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Equity vs. Royalty?

What if your dev partner wants a royalty and not equity. How would you calculate that and why?

10 Replies

Brian McConnell
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Brian McConnell Entrepreneur
Head of Localization at Medium.com
Its a reasonable request especially if this a business to business service with a decent revenue model. There are lots of reasons equity can end up being worthless even if the product does well. The main trick is structuring the rev share so that as the team grows the percentage decreases. Also important to have a buyout clause for future funding rounds. If the partner balks at that you point out that if they want unlimited upside they have to take equity. Otherwise you need to be able to buy them out of their revenue share. Overall I think its a good way to motivate early devs. Anyone who has been around for a while knows to treat startup stock as bs funny money. Rev share is easier to predict.
Archer Hobson
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Archer Hobson Entrepreneur
Junior iOS Developer at Velocis
I would be careful with this. I am not sure of your product, but usually equity agreements are dependent on some sort of vesting period, usually around 4 - 5 years. With royalties it would be difficult to tie those payments over time. Also equity is based on the valuation of the company at a liquidity event, royalties are tied to the bottom line, depending on how you set up, maybe forever or just a few years.

Brian makes a good point though, equity doesnt much for early ideas. It might convince early devs and motivate them to stick around, just be sure as a proportion of revenue share that they continue to add that value over the lifetime of the company.

Ultimately, your bargaining position on this is relevant to the stage of your company, if it is revenue producing, then you can figure out a proper royalty share based on your financial growth predictions, then pair that to the value you think he/she brings. If its just an idea, and your desperate for a dev, then you may have no option other than to walk away and find someone to work on more favorable terms.
Robert Clegg
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Robert Clegg Entrepreneur • Advisor
Game Based Learning Expert
Little more of the story here... they, a group of 2 + 1 heavy hitter, agreed to work on a reduced fee + equity (valued on par with the first investors). After the first phase, seeing the potential of product #1, they want a royalty instead (they most probably want to chase another opportunity they have so don't want to be tied down with equity).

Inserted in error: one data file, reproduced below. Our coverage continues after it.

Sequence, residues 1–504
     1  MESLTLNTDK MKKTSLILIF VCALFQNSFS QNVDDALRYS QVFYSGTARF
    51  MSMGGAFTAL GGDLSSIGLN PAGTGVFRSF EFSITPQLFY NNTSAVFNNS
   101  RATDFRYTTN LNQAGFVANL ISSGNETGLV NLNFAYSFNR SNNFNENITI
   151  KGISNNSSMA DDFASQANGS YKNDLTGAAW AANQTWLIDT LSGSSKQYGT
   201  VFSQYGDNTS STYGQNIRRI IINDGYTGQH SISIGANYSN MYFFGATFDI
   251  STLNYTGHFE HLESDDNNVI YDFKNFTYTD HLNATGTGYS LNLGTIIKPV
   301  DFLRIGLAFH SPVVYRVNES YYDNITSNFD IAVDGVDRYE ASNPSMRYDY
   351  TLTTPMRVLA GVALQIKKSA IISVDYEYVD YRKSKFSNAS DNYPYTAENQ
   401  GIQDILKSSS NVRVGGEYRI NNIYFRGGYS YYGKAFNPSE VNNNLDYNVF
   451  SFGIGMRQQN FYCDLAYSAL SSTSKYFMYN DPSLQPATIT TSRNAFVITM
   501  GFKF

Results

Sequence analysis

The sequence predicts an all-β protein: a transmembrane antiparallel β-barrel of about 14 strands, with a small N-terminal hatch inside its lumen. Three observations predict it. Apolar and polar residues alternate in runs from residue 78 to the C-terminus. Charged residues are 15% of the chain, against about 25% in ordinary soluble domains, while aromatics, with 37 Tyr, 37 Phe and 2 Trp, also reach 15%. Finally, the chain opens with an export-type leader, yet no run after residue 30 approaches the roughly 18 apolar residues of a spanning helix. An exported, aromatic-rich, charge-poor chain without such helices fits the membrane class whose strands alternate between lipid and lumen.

I need to calculate this as if none of them will stay with the company after Y1 when the first product is finished.

Just looking for a calculation here. Grunt fund handles equity but has no conversion calc for royalties.
Brian McConnell
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Brian McConnell Entrepreneur
Head of Localization at Medium.com
Its all about incentives. I've got 20+ years of experience as a developer. I start from the assumption that non technical groups who are relying on employee based financing have a high risk of failure. Rev share is a good way to offer shorter term participation in success. I have also been screwed, badly, in equity based deals. Its way easier to track revenue and take a bit off the top. Equity is nice but in four out of my five past gigs it wasn't worth shit.
Don Daglow
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Don Daglow Entrepreneur • Advisor
3-Time Inc. 500 CEO, Technical Emmy® Award, International Speaker, Advisor at Founders Space accelerator

Here are some questions I recommend the teams I advise run through when they're looking at these kinds of issues. (And this is the late night edition so I especially ask fellow FD'ers to audit and feel free to add or disagree):

1. Are they internal to your company or an external team? Sounds like they're external. People with equity are betting on the success of the company, the value vests over time (as Archer mentioned above) so people have to keep helping to maximize value, and that's the kind of commitment you want in house. External teams are betting more on the success of the individual product(s) they touch, which can make a royalty the more reasonable choice, As Brian points out above, if you're not in-house shares can feel like funny money you have no chance to make more valuable.

BUT...

2. How much difference is there in the quality and delivery date of your product if Acme Software implements vs. Betelgeuse Software or Charlie's Software? If they have unique expertise or can make unique creative contributions that fundamentally reduce risk and raise quality, that's a real argument for a royalty, they'll earn it and it should motivate them. If Choice A gets 92 points on your scorecard, B gets 89 and C gets 87 then what you need may be brilliant and useful but its implementation is straightforward. There is no reason to pay a royalty for straightforward implementation UNLESS you get a below-market up-front cost, so the (risk reduction + contribution value = reward) equation stays balanced. Projects where a lot of different teams can execute successfully generally can be done as work for hire without royalty if you're willing to pay a rate where they make money, and you can use targeted bonuses in a contract to give upside and motivation without the open-ended exposure of royalties.

3. How many teams have you talked to and vetted? Ideally you want multiple responses to your RFP. Especially when non-technical founders do not yet have tech leadership there is a tendency to want to go with the first strong team you meet, because suddenly you have a path through the jungle where none was present before. Finding more options before you close a deal is well worth doing, and there are "CTO for Hire" consultants who will help you find and vet them. (I'm a Strategy, Exec Coach, Production and Design type, although I was a programmer earlier in my career, so I don't do CTO work.) They're expensive consultants, but if you don't have a tech co-founder or employee yet it's way better than making a leap of faith with the first team you find. (This drove me nuts when my team was the first one in the mix because we had a great track record and then we had to deal with competitors, but from the client side it's still good practice.)